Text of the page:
It is eleven months since I got my Eee PC, and I have never regretted it for a moment. Admittedly I now find myself coveting my girlfriend’s Eee 901, but my only real complaint with the 701 is the touchpad button is rather worn from over-use.
Unfortunately not everyone has been so lucky with their choice in mini-laptops. Kim has been lamenting his choice of the Acer Aspire One on his blog:
“It wasn’t quite stable on any flat surface.”
“The fan was so loud that I would be embarassed to use my Aspire One in some meetings or conferences.”
Admittedly I was lucky: The Eee PC was the only mini-laptop on offer when I bought mine so I didn’t have to make any tough choices. But as everyone tries to gain a slice of the budget-mini-laptop market some corners will be cut, so you are probably better off buying a brand that has an established reputation in the mini-laptop market rather than one of the newer entrants. If only Kim had listened….
Finally, after weeks of waiting, my girlfriend’s Eee PC 901 arrived this morning. First impressions of the 901 are that it’s very impressive; rather than a cheap budget laptop, it looks and feels like a small quality laptop. Whereas the 701 seemed to be a good way of Linux spreading out to the masses, the 901 with Windows XP is likely to slow Linux’s spread. Comparing the Eee 901 with my (rather aged) 701 finds that the 901 just about wins a boot-up contest.
Yes, the 701 has been around the block a bit, and the 901 Linux is likely to beat the 901 XP, but with the 901 XP booting in around 35 seconds, its seems likely that people will go for the operating system they are used to.
Already I have been writing codes in python that use the Twitter, Flickr and Digg API, programs that can form the basis of numerous articles that I will never get around to writing…it’s SO easy (with the possible exception of installing the simplejson library that the Twitter library relies on). Just wish some other sites would roll out APIs (e.g., Stumbleupon and Reddit).
So, do we all need to become top-class programmers? No. But if you can program, even to a basic level, the web becomes a lot more exciting and interactive place.
Until yesterday I hadn’t really thought about programming on the Eee PC, but once I started looking I was surprised how easy it was: Unbeknown to me, it has had Python 2.4 and 2.5 sitting there the whole time! Despite not being a particularly competent programmer, I found Python to be very user friendly, and look forward to programming on the Eee PC in a variety of settings in the future. My first Python program was used to find random Flickr users:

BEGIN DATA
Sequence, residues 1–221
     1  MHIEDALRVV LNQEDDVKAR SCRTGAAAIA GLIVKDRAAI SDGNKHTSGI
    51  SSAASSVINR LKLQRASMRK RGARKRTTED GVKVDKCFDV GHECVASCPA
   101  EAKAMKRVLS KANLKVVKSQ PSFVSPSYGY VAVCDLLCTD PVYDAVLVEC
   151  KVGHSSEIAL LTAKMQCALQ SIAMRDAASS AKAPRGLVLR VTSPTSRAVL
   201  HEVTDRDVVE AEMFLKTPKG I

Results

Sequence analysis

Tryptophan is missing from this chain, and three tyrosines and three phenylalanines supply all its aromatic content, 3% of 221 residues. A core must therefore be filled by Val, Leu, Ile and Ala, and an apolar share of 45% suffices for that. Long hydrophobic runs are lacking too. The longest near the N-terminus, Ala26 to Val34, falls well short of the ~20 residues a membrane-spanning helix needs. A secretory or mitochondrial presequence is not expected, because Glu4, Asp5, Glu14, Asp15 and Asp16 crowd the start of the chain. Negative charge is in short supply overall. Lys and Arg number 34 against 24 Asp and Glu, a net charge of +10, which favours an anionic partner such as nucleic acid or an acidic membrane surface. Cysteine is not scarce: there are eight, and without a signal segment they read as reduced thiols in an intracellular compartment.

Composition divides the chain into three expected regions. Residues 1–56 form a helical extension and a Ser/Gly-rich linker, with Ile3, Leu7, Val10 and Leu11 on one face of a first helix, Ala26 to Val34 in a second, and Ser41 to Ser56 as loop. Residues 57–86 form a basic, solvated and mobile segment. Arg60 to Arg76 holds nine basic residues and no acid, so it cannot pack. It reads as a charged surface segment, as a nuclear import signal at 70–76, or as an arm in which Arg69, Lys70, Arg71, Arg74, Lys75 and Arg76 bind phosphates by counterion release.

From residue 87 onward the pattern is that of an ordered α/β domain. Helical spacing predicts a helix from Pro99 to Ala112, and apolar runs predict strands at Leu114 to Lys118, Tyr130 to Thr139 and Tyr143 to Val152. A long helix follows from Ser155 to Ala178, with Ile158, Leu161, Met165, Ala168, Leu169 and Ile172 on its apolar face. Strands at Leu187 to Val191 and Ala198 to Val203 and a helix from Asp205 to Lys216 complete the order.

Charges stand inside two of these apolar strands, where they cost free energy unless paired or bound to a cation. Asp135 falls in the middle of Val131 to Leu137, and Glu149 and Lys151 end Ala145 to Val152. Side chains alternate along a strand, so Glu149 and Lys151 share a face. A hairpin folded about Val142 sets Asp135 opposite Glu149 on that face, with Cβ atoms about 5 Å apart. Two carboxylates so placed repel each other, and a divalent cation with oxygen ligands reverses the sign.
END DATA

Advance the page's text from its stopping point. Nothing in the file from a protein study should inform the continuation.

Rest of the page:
> import flickrapi > import random > api_key = ‘XXXXXXXXXXXXXXX’ > for counter in range (1,1000): >>> flickr = flickrapi.FlickrAPI(api_key, fail_on_error=False) >>> a=random.randint(1, 99999999) >>> b=random.randint(0,1) >>> c=random.randint(0,9) >>> d=str(a)+”@N”+str(b)+str(c) >>> photos = flickr.photos_search(user_id=d) >>> if photos['stat'] == “ok”: >>>>>> print d > print ‘done’
Webometric studies are always searching for ways of finding random users, unfortunately I have no idea how Flickr assigns its user_ids. O’Reilly’s “Flickr Hacks’ says:
“…a string of numbers, followed by an at sign (@), an N, and two more numbers (often 00 or 01)…”
Not exactly specific. The program calculates a number up to eight digits long before the ‘@N’ and from 00 to 19 after the ‘@N’. Whilst most may be 00 or 01, I found them as high as 08. If anyone knows of any user_ids not included in these parameters, please let me know.
Sending 1,000 queries, 10 random users were identified. Not exactly efficient.
The SDK is a welcome addition to the Eee PC, although it will mean that I have to learn another new language as it supports C and C++, but hopefully it will encourage a future generation of programmers in the same way the BBC Micro did. In fact it should be more encouraging, this time you don’t have to be locked away programming in a room on your own, you can sit around in the park sharing code with your friends. Maybe the BBC could get involved this time with some nice ‘how to program your Eee PC’ television programmes
The last time I had a large spike in my traffic was when I was privileged to receive a link on the BBC’s del.cio.us stream, resulting in a personal record high of 76 unique visitors in a day. Early indications, however, suggest that today may see a new record set as I receive a large number of visitors from Google searches. The reason seems to be a Guardian Unlimited article on the RM minibook.
Unfortunately (for searchers) the Guardian fails to mention the more well known name of the device, the ASUS Eee PC. As such there are middle-class lefties all over the country tripping across my blog rather than finding the more useful reviews.
So, a word of advice: If searching for information on the RM minibook, also search for ‘Eee PC’ Then go out and buy one.
***A little update The Guardian continue to post (this time on their blog)without mentioning that it is also called an Eee PC. Just one extra line would make it so much simpler for their readers.
How could you improve on the Eee PC? Give it mobile web (broadband quality – through which I could stream the BBC’s Flash programmes): Whilst it is important to check your mobile operator’s pricing policy (I needed to up-grade from T-mobile’s web ‘n’ walk, to web ‘n’ walk plus), the steps are fairly easy…once you find the right pages to follow on the web:
Whilst it is suggested that you need to be “fairly comfortable at the linux shell prompt” when it comes to adding the N95, everything you need to do is fairly intuitive.
How on earth did we manage before people posted everything online?
nb. obviously if I suddenly find I have a bill for hundreds of pounds I will change the post accordingly. It is worth noting that whilst I upgraded my plan online, I had to phone T-mobile to get the upgrade today rather than on my next billing date.